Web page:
Sounds of a waterfall or woodland glade, the dimly lit interior of a cave or tavern, these are elements that are reproducible in a workshop setting, and perform well as a transitioning medium from physical reality to the reality of the world in which the adventure takes place. Though not essential, these seemingly minor tools can make a massive difference to the immersion of the player in the session.
The importance of sound in film has been well established to enhance the visual elements of the medium, and it is no less powerful in a Roleplay setting.
Immersion therefore is a key part of the roleplay session. Whether achieved by pure story telling, the use of sounds and lighting or the participants own willingness to engage, immersion is achieved and the session takes on a new dimension for the individual.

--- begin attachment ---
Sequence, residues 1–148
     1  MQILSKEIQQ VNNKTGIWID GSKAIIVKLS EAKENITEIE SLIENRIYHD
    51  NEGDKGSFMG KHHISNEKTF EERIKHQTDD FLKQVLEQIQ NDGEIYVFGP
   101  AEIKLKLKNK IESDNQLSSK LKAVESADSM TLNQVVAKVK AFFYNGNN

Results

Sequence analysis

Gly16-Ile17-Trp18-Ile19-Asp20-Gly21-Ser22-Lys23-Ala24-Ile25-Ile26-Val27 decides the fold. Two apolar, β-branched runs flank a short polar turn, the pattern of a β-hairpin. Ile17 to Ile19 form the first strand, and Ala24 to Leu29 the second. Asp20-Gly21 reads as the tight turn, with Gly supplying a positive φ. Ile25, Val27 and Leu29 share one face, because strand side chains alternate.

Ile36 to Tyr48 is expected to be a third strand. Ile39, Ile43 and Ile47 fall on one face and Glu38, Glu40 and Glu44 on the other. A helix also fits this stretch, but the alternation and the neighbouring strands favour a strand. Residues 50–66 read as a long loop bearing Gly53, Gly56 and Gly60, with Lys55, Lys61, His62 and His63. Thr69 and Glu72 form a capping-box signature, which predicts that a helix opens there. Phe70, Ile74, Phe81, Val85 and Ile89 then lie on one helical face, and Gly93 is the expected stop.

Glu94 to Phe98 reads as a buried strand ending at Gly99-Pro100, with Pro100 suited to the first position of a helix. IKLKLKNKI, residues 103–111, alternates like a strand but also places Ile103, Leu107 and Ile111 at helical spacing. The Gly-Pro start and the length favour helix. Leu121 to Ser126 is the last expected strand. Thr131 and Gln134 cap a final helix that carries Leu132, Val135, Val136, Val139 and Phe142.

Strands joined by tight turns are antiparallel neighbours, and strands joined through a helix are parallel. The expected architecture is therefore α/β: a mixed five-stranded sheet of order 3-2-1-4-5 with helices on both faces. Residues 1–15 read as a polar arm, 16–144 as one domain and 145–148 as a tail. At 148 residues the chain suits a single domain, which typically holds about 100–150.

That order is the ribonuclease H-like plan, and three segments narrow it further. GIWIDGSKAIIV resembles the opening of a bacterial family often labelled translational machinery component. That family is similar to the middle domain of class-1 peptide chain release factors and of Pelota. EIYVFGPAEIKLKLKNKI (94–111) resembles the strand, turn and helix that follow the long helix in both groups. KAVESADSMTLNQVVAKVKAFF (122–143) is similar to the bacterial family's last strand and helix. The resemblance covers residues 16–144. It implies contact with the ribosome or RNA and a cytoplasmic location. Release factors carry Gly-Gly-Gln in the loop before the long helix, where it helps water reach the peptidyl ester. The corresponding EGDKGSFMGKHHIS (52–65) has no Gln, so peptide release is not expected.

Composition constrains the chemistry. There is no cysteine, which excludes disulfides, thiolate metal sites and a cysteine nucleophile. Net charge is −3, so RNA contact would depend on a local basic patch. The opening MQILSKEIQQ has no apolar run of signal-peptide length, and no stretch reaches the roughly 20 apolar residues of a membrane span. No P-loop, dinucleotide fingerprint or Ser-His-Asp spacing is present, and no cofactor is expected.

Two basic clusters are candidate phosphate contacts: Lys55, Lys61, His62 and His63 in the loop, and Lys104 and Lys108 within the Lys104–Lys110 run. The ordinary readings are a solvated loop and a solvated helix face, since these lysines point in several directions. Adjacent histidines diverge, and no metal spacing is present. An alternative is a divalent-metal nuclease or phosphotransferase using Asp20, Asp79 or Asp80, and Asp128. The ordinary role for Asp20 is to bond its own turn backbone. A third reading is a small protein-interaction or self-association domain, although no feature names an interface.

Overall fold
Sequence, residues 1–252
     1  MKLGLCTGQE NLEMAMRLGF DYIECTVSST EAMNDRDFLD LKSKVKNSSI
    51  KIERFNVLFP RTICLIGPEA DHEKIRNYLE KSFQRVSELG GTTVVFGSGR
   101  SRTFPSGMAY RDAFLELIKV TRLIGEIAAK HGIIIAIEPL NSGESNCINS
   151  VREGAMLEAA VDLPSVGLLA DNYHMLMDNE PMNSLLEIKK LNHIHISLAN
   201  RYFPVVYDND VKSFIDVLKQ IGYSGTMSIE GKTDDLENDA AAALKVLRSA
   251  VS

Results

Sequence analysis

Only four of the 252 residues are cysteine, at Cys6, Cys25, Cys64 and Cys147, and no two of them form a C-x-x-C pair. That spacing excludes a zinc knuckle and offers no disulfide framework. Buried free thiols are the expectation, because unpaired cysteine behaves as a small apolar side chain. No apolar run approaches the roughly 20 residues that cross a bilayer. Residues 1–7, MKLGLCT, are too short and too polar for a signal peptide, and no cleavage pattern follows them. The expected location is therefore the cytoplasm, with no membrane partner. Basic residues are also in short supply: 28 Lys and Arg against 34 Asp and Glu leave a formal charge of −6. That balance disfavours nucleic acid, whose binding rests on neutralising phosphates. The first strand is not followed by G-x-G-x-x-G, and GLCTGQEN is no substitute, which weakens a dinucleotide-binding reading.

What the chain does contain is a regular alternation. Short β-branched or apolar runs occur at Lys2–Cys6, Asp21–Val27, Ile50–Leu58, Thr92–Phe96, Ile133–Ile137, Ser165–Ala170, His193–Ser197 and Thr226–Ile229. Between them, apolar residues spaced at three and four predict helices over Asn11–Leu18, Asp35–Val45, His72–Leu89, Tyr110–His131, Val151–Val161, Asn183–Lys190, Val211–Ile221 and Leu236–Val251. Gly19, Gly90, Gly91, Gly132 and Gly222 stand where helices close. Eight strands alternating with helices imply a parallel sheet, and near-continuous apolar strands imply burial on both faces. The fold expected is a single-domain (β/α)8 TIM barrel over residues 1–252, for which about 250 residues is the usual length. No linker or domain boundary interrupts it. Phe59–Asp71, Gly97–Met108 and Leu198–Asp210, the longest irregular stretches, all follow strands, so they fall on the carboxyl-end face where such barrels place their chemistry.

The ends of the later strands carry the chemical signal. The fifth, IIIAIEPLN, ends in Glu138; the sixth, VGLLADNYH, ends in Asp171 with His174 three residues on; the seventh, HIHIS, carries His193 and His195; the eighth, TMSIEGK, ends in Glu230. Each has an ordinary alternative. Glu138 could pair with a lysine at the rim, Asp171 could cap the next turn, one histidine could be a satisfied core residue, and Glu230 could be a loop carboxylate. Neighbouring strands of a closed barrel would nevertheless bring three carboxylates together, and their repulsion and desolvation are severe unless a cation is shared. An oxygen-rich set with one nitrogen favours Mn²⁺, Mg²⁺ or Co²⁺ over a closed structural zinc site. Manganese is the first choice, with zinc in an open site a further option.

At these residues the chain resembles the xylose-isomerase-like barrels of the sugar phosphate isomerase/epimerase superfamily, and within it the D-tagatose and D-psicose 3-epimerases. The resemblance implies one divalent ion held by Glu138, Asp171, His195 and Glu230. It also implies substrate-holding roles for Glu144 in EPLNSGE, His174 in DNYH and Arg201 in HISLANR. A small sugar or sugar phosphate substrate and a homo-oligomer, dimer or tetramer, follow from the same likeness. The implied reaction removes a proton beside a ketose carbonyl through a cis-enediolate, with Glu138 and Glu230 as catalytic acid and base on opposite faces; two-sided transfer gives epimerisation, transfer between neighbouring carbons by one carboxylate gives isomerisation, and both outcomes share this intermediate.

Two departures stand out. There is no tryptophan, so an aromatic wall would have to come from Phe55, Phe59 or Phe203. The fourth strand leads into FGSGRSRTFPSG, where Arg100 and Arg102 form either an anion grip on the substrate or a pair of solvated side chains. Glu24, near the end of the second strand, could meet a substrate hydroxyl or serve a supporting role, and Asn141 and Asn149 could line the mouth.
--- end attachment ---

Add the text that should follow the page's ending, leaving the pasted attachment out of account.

The world and its people become relatable on a higher level and all the aspects of their lives become integral parts in the players own journey. Personal investment in the well being of others, as well as the consequences of the players own actions, become an important factor when considering pre-existing viewpoints within the session.
Challenging sometimes negative or toxic attitudes and beliefs, can be more easily addressed when personal feelings are not confronted directly, but a steady reinforcement of more appropriate behaviours can be instituted with the use of kind acts that are relatable to the physical world.